When proposed by Tinic (1988) and Hughes and Thakor (1992) as a potential explanation for underpricing in initial public offerings (IPOs), litigation risk seemed both intuitively plausible and economically relevant. Section 11 of the Securities Act of 1933 gives investors the right to sue issuers and underwriters for declines in value below the offer price due to material omissions in the prospectus.1 Given the inherent uncertainty of an IPO, and the potential reputational losses associated with litigation, issuers and underwriters concerned about lawsuits can attempt to hedge litigation risk by underpricing. Drake and Vetsuypens (1993), in the first empirical paper to study the effect of litigation risk, examine differences in initial returns between IPOs that are sued and those that are not. The authors find no evidence that underpricing reduces the incidence of a lawsuit. Lowry and Shu (2002), however, take into account the endogeneity of initial returns and lawsuit incidence and find support for both an insurance and a deterrence effect as predicted by litigation risk theories. Despite this recent support, some researchers remain skeptical. Ritter and Welch (2002), in their review article state, “In our opinion, leaving money on the table appears to be a cost-ineffective way of avoiding lawsuits.” This paper proposes an enriched litigation risk framework that can reconcile these disparate views. The underlying assumption in existing studies of litigation risk is that stock market losses alone are sufficient to extract legal penalties. In reality, two conditions must be met. First, investors must have suffered damages in the form of investment losses. Second, investors must be able to produce evidence of a material omission in the firm's disclosure that existed at the time of their initial investment. Importantly, in our enriched litigation framework, plaintiffs must establish evidence of both losses and poor disclosure (an “and” not an “or” condition). To reduce litigation risk, therefore, issuers need to hedge only one of these conditions. Hedging can be done by either underpricing (to reduce damages) or by enhancing disclosure (to reduce the probability of a material omission). Our approach differs from prior studies of litigation risk in IPOs in that we examine both the firm's disclosure and pricing strategy. We hypothesize that disclosure and underpricing are substitute hedges against liability risk. In our enriched litigation framework, underpricing should be high only when a firm has a potential material omission (and vice versa). In other words, not all issuing firms will choose to use underpricing as a hedge. Therefore, the effect of underpricing in reducing incidences of litigation will be concentrated only in firms with a high probability of a material omission. One reason why this enriched litigation risk framework has not yet been tested is that a “material omission” in a firm's prospectus is difficult to measure. With the advent of textual analysis, determining a firm's disclosure strategy is now feasible. We determine the likelihood of a material omission by examining how the issuing firm reacts to the arrival of new information during the offering period. In particular, we examine the intensity of revisions to the issuer's prospectus text over the same time interval as information-gathering activities, such as bookbuilding and road shows, are being conducted. These activities often result in information material enough to generate large price revisions from the initial filing range to the final IPO price. The typical issuer files an initial prospectus and two to three revisions during the roughly three-month period between the initial filing and the IPO date, giving us considerable power to assess any changes in disclosure over time. We construct a proxy for the likelihood of a material omission in the prospectus using two conditions: (A) the extent to which the IPO price is revised since the initial filing estimate, and (B) whether the initial prospectus is not substantially revised during the offering period. Condition (A) reveals the potential materiality of the new price-relevant information that arrived during the bookbuilding process. If condition (A) is sufficiently large, condition (B) reveals that this new information was not disclosed in the prospectus, resulting in a potential material omission. Specifically, we predict that the substitution effect of pricing for disclosure is increasing in the probability of a material omission. In this context, larger price revisions indicate that the new information is particularly relevant in determining the firm's offer price, and we consider it more “material.” As a result, an issuer who chooses not to revise their disclosure following a large price revision is particularly prone to successful litigation should the stock price decline ex post. We find strong support for a substitution of pricing for disclosure as a hedge against litigation risk. The strongest substitution effect occurs when the proprietary value of the revealed information is likely to be high, i.e., in IPOs with positive price-relevant information generated during the offering period. The economic magnitude of these initial returns is substantial and is even larger still for issuers with high ex ante litigation risk. Ex ante litigation risk is determined by how similar the issuer's prospectus is to IPOs that were sued prior to the issuer's filing date. Thus, litigation risk plays an important role in the partial adjustment phenomenon and can explain why the underpricing of IPOs with positive information “seems too large to be explained as equilibrium compensation for revealing favorable information” (Ritter and Welch, 2002). The traditional interpretation of the litigation risk theory is that high underpricing can deter all lawsuits by reducing damages. But underpricing applies only to IPO purchasers and therefore, cannot deter lawsuits brought by aftermarket purchasers. In our enriched litigation framework, we propose and test an alternative view of the deterrence effect of initial returns. We show that the deterrence effect of underpricing is in reducing the probability that IPO investors will bring a lawsuit under Section 11. We find that the primary benefit of deterring a Section 11 lawsuit is to reduce the likelihood of the underwriter being named in the suit and suffering reputational damage along with subsequent market share losses.2 The risk of being named in a lawsuit and losing market share can explain why underwriters are willing to substantially underprice even when positive information is revealed. Unlike initial returns, we show that enhanced disclosure can deter all types of lawsuits because it applies equally to both IPO investors and aftermarket purchasers. However, disclosure can be a more costly mechanism to hedge litigation risk than underpricing if the new information has high proprietary value to the issuing firm. Our findings contribute to the ongoing debate regarding the role of voluntary disclosure in shareholder litigation (e.g., Francis, Philbrick, and Schipper, 1994; Evans and Sridhar, 2002; Field, Lowry, and Shu, 2005; Rogers and Buskirk, 2009 and Lowry, 2009). While much of this literature has found that bad information is withheld and good information is disclosed (for example, Skinner, 1994, Skinner, 1997 and Healy and Palepu, 2001), we find the opposite to be true. We suggest that this conflicting finding is likely due to differences in incentives (Kothari, Shu, and Wysocki, 2009) and the regulatory environment surrounding the IPO process. Finally, our paper adds to a growing body of work that uses word content analysis to analyze the informativeness of written disclosure. In the context of managing litigation risk, Nelson and Pritchard (2008), Mohan (2007), and Rogers, Buskirk, and Zechman (2010) find that certain word usage is related to the probability of being sued. Hanley and Hoberg (2010) examine the information content of IPO initial prospectuses and its effect on pricing. Hoberg and Phillips (2010) use text similarity analysis to test theories of merger incidence and outcomes. Loughran and McDonald (2010) show that firms using Plain English have greater small-investor participation and shareholder-friendly corporate governance. In other contexts, papers such as Antweiler and Frank (2004), Tetlock (2007), Tetlock, Saar-Tsechanksy, and Macskassy (2008), Li (2006), Boukus and Rosenberg (2006), and Loughran and McDonald (2011) find word content to be informative in predicting stock price movements. The remainder of the paper is organized as follows: A brief discussion of the incentive to withhold or disclose information learned during bookbuilding is presented in Section 2. The data, word vector construction method, and summary statistics are in Section 3. Our method of classifying disclosure strategy is discussed in Section 4. The relation of disclosure strategy and litigation risk to initial returns (the insurance effect) is in Section 5. How disclosure strategy and initial returns affect the probability of a lawsuit (the deterrence effect) is in Section 6. The economic consequence of lawsuits for underwriters is explored in Section 7. The paper concludes in Section 8.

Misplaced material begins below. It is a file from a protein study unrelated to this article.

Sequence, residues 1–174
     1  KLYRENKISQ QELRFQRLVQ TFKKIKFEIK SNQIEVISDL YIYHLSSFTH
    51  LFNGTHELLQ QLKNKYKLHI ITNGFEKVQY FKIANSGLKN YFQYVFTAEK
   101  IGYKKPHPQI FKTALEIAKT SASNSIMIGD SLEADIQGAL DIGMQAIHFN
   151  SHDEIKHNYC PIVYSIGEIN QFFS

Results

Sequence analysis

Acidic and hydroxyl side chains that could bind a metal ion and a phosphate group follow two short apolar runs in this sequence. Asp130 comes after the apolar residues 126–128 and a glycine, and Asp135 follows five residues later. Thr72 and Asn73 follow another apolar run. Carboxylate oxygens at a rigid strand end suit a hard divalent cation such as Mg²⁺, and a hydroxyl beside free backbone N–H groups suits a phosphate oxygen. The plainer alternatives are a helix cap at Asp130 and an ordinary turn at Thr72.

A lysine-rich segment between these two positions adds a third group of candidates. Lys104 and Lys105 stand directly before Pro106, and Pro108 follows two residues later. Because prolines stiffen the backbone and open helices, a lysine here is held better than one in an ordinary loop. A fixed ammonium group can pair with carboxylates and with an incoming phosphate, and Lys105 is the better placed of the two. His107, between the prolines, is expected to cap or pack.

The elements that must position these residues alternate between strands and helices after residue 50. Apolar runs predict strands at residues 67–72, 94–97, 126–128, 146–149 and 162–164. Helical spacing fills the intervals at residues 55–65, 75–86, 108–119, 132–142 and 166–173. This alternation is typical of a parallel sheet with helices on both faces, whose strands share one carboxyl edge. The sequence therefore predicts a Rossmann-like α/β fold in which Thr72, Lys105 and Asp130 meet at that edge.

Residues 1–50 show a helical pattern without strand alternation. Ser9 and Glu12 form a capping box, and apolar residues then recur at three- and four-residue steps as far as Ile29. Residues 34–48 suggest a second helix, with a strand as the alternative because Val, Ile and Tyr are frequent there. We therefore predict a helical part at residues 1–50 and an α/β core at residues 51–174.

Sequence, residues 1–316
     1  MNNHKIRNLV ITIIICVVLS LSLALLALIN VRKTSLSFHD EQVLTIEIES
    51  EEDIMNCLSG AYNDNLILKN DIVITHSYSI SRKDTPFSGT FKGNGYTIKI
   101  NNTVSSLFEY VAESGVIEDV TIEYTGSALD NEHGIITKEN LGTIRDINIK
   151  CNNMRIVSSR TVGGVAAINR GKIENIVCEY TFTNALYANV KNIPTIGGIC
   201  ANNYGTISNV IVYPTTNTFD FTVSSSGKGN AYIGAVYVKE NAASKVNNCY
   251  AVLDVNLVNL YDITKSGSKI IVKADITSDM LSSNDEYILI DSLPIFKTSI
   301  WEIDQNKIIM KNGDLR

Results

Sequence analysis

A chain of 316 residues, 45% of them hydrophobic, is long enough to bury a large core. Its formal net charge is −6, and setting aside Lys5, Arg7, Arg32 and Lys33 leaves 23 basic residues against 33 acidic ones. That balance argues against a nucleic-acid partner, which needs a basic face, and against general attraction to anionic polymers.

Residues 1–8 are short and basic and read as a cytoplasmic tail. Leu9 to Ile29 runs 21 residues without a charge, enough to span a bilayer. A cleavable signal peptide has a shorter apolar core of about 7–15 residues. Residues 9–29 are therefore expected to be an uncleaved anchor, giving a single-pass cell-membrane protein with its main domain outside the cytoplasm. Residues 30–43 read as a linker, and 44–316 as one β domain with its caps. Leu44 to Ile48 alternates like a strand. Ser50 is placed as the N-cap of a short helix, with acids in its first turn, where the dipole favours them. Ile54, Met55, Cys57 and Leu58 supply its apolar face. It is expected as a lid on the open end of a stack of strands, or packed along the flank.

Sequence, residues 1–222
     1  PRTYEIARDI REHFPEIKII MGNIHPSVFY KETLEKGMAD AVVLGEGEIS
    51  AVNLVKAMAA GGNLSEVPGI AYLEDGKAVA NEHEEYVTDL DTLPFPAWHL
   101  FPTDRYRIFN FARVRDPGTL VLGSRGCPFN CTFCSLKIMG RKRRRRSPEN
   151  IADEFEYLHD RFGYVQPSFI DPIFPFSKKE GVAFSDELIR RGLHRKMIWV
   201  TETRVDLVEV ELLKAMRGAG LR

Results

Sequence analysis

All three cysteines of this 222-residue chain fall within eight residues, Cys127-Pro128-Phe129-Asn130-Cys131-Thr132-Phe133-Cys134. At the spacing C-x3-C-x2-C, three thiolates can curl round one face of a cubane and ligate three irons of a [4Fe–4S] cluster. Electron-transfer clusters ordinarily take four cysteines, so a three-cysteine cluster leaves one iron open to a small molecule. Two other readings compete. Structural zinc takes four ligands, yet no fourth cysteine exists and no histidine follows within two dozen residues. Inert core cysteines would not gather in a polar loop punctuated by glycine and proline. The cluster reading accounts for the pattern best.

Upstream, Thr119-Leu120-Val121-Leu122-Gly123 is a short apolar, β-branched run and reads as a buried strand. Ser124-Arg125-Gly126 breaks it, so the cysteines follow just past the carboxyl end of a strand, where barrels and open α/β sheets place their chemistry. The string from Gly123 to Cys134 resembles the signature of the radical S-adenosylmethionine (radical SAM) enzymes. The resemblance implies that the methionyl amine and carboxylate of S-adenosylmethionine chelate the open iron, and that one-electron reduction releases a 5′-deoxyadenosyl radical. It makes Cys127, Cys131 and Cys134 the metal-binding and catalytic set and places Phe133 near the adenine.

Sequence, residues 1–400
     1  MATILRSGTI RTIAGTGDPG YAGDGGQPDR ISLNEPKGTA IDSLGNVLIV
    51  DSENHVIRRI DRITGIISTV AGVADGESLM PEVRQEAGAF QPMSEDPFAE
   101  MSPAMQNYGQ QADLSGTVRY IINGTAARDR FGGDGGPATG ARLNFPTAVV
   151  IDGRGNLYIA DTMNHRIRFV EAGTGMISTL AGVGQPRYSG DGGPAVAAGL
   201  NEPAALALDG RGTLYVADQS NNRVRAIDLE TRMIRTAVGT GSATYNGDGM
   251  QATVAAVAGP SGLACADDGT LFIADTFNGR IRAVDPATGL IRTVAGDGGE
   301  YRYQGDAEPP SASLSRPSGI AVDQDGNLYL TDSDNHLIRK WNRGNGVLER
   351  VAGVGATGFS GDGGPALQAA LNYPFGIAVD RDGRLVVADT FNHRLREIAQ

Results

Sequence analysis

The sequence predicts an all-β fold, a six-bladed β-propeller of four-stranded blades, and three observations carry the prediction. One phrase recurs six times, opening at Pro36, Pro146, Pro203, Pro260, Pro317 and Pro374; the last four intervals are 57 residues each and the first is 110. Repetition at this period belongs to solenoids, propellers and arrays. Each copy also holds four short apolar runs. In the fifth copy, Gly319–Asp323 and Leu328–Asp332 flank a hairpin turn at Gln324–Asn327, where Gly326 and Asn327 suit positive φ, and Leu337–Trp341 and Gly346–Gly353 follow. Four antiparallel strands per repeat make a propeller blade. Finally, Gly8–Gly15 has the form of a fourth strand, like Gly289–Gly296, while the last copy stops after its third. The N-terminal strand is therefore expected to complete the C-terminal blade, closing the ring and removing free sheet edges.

نتیجه گیری انگلیسی
By using word content analysis, we are able to assess the disclosure strategy of IPO firms in response to information learned during bookbuilding. Our findings suggest that prior empirical findings place too much reliance on underpricing as a hedge against litigation risk. We show that disclosure and underpricing act as substitutes in hedging litigation risk, and only firms with a high risk of a material omission are likely to use initial returns as a hedge against lawsuits. We also show an asymmetric response to information learned during the offering process. IPOs with good information revealed during bookbuilding have an incentive to withhold information for proprietary reasons and be subject to a material omission. Because, in this case, proceeds are greater than expected, the firm has pricing flexibility and underpricing is potentially “cheaper” as a hedge against lawsuits. Conversely, there is little benefit to withholding bad information as it has lower proprietary value to rivals and is difficult to conceal for any length of time. Under this scenario, proceeds are lower than expected, underpricing is “expensive,” and these firms are more likely to use disclosure rather than underpricing to hedge litigation risk. We show that these relationships are more pronounced when the firm faces greater ex ante litigation risk. Consistent with the existing literature, we find an insurance effect in initial returns in which greater underpricing is associated with greater ex ante litigation risk, but our findings differ in two ways. First, we show that disclosure during bookbuilding has a strong deterrence effect against all types of lawsuits regardless of the type of plaintiff. Second, we find that high initial returns can deter IPO investors from bringing the lawsuit under Section 11. Thus, underpricing is a deterrent against the type of lawsuit that can most damage the underwriter, but not overall lawsuit incidence. Importantly, we find that underwriters are the primary beneficiaries of deterring Section 11 lawsuits because this deterrence limits the plaintiff's ability to name the underwriter as a defendant. Our results suggest that underwriters have a strong incentive to underprice the issue aggressively to avoid the loss of reputational capital and to prevent a subsequent decline in market share in the event of a lawsuit. Overall, our findings suggest that a good portion of the partial adjustment phenomenon can be attributed to issuer and underwriter efforts to mitigate exposure to litigation risk. In particular, partial adjustment arises as underwriters require very high levels of underpricing to preserve their reputation capital should issuers choose not to revise their prospectus after learning new information. Because these tradeoffs are based on rational economic incentives inherent to the legal system, our results provide an explanation as to why the partial adjustment phenomenon continues to be robust through time.